an accident or a happening or event or a continuous or repeated exposure to conditions which unexpectedly and unintentionally results in personal injury, or damage to property during the policy period. All such exposure to substantially the same general conditions existing at or emanating from one location shall be deemed one occurrence.
Lloyd's tells us that the victim suffered "a continuous or repeated exposure to conditions" -- that is, to O'Connell's sexual proclivities -- and that repeated exposure to "substantially the same general conditions" can be only one "occurrence." It depicts a pedophilic priest as similar to hazardous waste: living next to a church from which oil has seeped into the ground is one "occurrence" no matter how long the conditions exist. Because the insured event is the Bishop's negligent supervision, all consequences of that negligence are a single occurrence. See CPC International, Inc. v. Northbrook Excess & Surplus Insurance Co., 668 A.2d 647 (R.I. 1995). Multiple injuries with a single cause do not count as multiple occurrences. Bartholomew v. Insurance Co. of North America, 502 F. Supp. 246 (D. R.I. 1980), affirmed under the name Bartholomew v. Appalachian Insurance Co., 655 F.2d 27 (1st Cir. 1981) (Rhode Island law); accord, Rozenfeld v. Medical Protective Co., 73 F.3d 154 (7th Cir. 1996) (Illinois law). Interstate responds that O'Connell's wrongful acts occurred at more than one location, and that sexual abuse cannot be called "continuous." Each episode was discrete; O'Connell could have stopped at any time; and by continuing to commit new wrongs, with cumulative injury, O'Connell brought about multiple occurrences. Of course the priest's acts are not covered by the policy, but supervision itself is (or can be) discrete. The Archdiocese of Portland received multiple reports about its priest's misconduct, over a period of four years, and did nothing. Portland, 35 F.3d at 1327. Perhaps there were also multiple supervisory lapses in Providence.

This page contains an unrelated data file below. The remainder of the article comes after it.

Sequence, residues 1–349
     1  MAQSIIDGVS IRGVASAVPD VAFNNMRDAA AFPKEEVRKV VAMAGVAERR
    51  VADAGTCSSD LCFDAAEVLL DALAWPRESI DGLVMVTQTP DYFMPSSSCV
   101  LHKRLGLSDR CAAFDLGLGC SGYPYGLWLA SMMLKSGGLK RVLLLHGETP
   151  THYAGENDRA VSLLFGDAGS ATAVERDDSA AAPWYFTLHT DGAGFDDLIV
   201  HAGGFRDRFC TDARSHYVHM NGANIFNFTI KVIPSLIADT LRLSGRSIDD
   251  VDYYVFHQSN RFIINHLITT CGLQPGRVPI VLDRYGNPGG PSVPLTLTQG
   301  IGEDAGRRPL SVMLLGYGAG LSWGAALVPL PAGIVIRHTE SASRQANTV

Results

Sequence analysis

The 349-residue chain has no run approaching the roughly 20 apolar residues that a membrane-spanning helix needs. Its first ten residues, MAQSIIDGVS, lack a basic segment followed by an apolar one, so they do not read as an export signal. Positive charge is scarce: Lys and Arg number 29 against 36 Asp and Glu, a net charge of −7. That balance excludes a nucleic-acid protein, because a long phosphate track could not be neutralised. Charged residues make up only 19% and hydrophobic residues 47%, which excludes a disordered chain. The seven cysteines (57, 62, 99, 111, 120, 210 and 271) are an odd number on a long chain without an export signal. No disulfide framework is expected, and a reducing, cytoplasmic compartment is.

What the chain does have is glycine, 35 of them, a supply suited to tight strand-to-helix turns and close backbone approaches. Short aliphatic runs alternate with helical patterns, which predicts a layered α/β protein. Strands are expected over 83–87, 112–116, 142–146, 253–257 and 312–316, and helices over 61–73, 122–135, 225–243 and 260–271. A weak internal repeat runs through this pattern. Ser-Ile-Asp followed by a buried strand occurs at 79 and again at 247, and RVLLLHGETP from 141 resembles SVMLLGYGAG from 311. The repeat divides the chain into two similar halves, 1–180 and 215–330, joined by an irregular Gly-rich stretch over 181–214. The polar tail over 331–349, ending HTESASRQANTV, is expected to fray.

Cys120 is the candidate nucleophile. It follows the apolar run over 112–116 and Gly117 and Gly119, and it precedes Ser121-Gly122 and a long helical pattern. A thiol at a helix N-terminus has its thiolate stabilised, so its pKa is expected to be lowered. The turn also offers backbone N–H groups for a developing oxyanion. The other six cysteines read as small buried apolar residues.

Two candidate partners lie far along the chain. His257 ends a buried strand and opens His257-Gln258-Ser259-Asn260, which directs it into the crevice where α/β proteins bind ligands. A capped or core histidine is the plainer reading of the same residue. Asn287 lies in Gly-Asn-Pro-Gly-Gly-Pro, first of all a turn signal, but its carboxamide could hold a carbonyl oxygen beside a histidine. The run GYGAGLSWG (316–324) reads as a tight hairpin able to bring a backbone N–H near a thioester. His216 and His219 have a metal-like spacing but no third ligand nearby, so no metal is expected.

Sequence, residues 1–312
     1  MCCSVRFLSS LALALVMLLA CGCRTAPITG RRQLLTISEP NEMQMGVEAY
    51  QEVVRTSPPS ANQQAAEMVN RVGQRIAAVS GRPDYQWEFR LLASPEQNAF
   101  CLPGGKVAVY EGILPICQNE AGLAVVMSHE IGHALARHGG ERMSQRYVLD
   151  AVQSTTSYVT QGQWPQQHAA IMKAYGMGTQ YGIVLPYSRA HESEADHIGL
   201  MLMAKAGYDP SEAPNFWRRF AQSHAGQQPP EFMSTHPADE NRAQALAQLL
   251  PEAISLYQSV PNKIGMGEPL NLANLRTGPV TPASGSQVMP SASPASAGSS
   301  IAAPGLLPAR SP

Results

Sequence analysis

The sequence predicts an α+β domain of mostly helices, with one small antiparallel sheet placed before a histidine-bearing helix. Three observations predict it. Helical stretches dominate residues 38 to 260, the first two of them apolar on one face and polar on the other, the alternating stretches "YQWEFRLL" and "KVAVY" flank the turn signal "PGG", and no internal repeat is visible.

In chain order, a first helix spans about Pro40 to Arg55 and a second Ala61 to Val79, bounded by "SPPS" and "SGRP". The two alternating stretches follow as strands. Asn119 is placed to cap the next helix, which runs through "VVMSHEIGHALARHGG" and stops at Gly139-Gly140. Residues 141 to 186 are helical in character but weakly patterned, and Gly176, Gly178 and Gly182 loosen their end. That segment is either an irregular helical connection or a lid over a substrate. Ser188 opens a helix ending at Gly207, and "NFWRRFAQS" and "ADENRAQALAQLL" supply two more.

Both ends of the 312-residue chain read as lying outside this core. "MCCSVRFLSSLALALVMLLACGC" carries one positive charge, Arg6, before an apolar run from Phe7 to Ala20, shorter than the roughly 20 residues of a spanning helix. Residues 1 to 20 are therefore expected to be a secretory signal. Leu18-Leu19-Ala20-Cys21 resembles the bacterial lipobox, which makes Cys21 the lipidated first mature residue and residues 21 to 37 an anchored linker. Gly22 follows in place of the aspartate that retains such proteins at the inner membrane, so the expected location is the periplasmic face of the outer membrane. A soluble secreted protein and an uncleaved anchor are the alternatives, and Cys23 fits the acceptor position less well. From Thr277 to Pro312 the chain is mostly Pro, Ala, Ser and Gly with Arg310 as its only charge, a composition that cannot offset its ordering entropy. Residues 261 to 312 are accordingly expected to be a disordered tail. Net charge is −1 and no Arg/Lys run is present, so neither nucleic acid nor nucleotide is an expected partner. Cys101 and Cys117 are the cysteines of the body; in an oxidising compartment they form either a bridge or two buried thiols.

Rhode Island law tells us that if "negligent supervision" is a unitary act, then multiple losses do not create multiple occurrences. But is that the right way to describe careless supervision? At oral argument, counsel for Lloyd's conceded that if O'Connell had abused two boys in a single policy year, that would be two "occurrences." Presumably two priests abusing four boys would be four occurrences. From the victim's perspective, this makes sense. Each loss is independent, and this understanding affords both the victim and the insured Diocese one full "occurrence" worth of coverage. What counsel could not explain is how this understanding is reconcilable with Lloyd's interpretation of the policy's definition. A slumbering or indifferent supervisory ...